Pages (from-to)1279-1291
Number of pages13
JournalNeuroImage
Volume25
Issue number4
DOIs
StatePublished - May 1 2005

Fingerprint

Nucleus Accumbens
Amygdala
Reward
Emotions
Magnetic Resonance Imaging
Risk-Taking
Motivation

Keywords

  • Development
  • Limbic
  • Maturation
  • Neuroimaging
  • Pediatric
  • Reward
  • Ventral striatum
  • fMRI

ASJC Scopus subject areas

  • Neurology
  • Cognitive Neuroscience

Cite this

Ernst, M., Nelson, E. E., Jazbec, S., McClure, E. B., Monk, C. S., Leibenluft, E., ... Pine, D. S. (2005). Amygdala and nucleus accumbens in responses to receipt and omission of gains in adults and adolescents. NeuroImage, 25(4), 1279-1291. https://doi.org/10.1016/j.neuroimage.2004.12.038

Amygdala and nucleus accumbens in responses to receipt and omission of gains in adults and adolescents. / Ernst, Monique; Nelson, Eric E.; Jazbec, Sandra; McClure, Erin B.; Monk, Christopher S.; Leibenluft, Ellen; Blair, Robert James; Pine, Daniel S.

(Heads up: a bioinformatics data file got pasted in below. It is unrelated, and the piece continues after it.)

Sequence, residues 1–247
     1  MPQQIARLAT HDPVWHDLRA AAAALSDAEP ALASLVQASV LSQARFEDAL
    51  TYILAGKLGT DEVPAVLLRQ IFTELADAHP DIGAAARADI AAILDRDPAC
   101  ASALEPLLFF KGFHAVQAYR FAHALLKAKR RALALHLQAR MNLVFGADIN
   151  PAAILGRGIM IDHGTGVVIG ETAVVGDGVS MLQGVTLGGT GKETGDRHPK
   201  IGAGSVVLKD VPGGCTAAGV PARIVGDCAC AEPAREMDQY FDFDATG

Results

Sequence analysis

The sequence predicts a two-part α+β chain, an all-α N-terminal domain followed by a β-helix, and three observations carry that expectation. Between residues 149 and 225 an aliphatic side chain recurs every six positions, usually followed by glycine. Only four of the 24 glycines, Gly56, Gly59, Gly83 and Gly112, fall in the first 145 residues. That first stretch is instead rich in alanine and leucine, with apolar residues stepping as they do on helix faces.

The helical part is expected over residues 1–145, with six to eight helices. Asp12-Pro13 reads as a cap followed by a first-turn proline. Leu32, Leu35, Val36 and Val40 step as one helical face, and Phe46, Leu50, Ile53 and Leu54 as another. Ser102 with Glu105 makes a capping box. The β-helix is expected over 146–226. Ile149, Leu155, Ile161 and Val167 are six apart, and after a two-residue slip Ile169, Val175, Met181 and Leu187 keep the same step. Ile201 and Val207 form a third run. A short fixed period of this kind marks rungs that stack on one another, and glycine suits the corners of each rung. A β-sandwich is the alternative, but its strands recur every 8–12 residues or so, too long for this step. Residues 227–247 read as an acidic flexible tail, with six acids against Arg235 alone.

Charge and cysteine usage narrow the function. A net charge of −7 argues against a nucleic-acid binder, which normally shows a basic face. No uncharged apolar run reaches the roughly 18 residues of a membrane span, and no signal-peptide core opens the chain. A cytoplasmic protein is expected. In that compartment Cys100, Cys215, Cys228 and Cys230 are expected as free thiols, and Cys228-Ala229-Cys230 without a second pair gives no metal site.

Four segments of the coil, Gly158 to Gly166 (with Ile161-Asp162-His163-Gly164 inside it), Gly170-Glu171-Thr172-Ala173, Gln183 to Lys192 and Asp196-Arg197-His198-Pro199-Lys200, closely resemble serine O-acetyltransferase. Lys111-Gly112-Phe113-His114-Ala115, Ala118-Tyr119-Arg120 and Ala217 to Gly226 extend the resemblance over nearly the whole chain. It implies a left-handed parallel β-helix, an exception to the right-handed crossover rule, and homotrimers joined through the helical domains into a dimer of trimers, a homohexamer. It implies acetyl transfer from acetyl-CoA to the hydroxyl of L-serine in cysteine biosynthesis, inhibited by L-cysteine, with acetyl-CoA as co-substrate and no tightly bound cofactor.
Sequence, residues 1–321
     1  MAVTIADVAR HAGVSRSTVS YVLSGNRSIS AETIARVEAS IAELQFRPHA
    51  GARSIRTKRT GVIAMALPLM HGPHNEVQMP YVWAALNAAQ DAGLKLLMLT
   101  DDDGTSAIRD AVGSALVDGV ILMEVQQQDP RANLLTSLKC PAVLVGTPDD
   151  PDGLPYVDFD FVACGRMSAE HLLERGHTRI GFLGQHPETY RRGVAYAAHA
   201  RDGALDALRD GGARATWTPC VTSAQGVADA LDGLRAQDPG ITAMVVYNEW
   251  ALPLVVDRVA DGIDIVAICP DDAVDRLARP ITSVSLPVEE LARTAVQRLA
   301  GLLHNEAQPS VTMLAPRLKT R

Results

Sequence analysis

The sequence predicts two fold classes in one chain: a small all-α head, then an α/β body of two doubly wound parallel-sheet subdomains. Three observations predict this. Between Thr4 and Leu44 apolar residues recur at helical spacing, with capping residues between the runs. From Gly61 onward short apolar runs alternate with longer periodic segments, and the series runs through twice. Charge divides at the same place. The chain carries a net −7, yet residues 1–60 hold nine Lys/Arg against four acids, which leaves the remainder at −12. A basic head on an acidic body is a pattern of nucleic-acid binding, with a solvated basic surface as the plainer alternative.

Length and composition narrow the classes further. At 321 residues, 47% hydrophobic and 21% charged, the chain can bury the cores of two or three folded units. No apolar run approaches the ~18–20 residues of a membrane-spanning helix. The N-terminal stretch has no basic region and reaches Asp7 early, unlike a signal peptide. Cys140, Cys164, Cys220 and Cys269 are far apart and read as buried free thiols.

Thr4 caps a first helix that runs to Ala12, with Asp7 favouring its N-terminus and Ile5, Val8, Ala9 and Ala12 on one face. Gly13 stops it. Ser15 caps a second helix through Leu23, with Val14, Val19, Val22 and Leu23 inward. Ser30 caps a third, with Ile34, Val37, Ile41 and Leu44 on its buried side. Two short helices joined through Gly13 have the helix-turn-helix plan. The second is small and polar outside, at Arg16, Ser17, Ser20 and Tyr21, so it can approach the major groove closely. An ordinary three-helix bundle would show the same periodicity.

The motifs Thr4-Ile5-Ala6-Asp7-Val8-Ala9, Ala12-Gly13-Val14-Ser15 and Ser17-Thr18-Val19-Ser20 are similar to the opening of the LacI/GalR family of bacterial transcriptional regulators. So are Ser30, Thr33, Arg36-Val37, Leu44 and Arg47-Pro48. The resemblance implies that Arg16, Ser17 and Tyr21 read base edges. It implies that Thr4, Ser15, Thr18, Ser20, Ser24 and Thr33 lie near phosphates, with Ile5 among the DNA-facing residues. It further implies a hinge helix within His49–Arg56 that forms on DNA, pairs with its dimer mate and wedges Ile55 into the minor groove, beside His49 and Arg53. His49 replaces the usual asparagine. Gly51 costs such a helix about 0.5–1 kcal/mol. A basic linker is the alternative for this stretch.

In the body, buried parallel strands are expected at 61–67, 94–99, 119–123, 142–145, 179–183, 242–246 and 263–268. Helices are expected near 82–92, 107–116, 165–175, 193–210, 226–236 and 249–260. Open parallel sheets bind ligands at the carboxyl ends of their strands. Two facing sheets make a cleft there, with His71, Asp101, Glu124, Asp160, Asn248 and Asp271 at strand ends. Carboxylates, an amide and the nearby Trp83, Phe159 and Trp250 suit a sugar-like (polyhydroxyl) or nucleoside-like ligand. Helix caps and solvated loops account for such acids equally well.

In: NeuroImage, Vol. 25, No. 4, 01.05.2005, p. 1279-1291.

Research output: Contribution to journalArticle

Ernst, M, Nelson, EE, Jazbec, S, McClure, EB, Monk, CS, Leibenluft, E, Blair, RJ & Pine, DS 2005, 'Amygdala and nucleus accumbens in responses to receipt and omission of gains in adults and adolescents', NeuroImage, vol. 25, no. 4, pp. 1279-1291. https://doi.org/10.1016/j.neuroimage.2004.12.038
Ernst, Monique ; Nelson, Eric E. ; Jazbec, Sandra ; McClure, Erin B. ; Monk, Christopher S. ; Leibenluft, Ellen ; Blair, Robert James ; Pine, Daniel S. / Amygdala and nucleus accumbens in responses to receipt and omission of gains in adults and adolescents. In: NeuroImage. 2005 ; Vol. 25, No. 4. pp. 1279-1291.
@article{8dbce44926b8492f9c75b73a05e54047,
title = "Amygdala and nucleus accumbens in responses to receipt and omission of gains in adults and adolescents",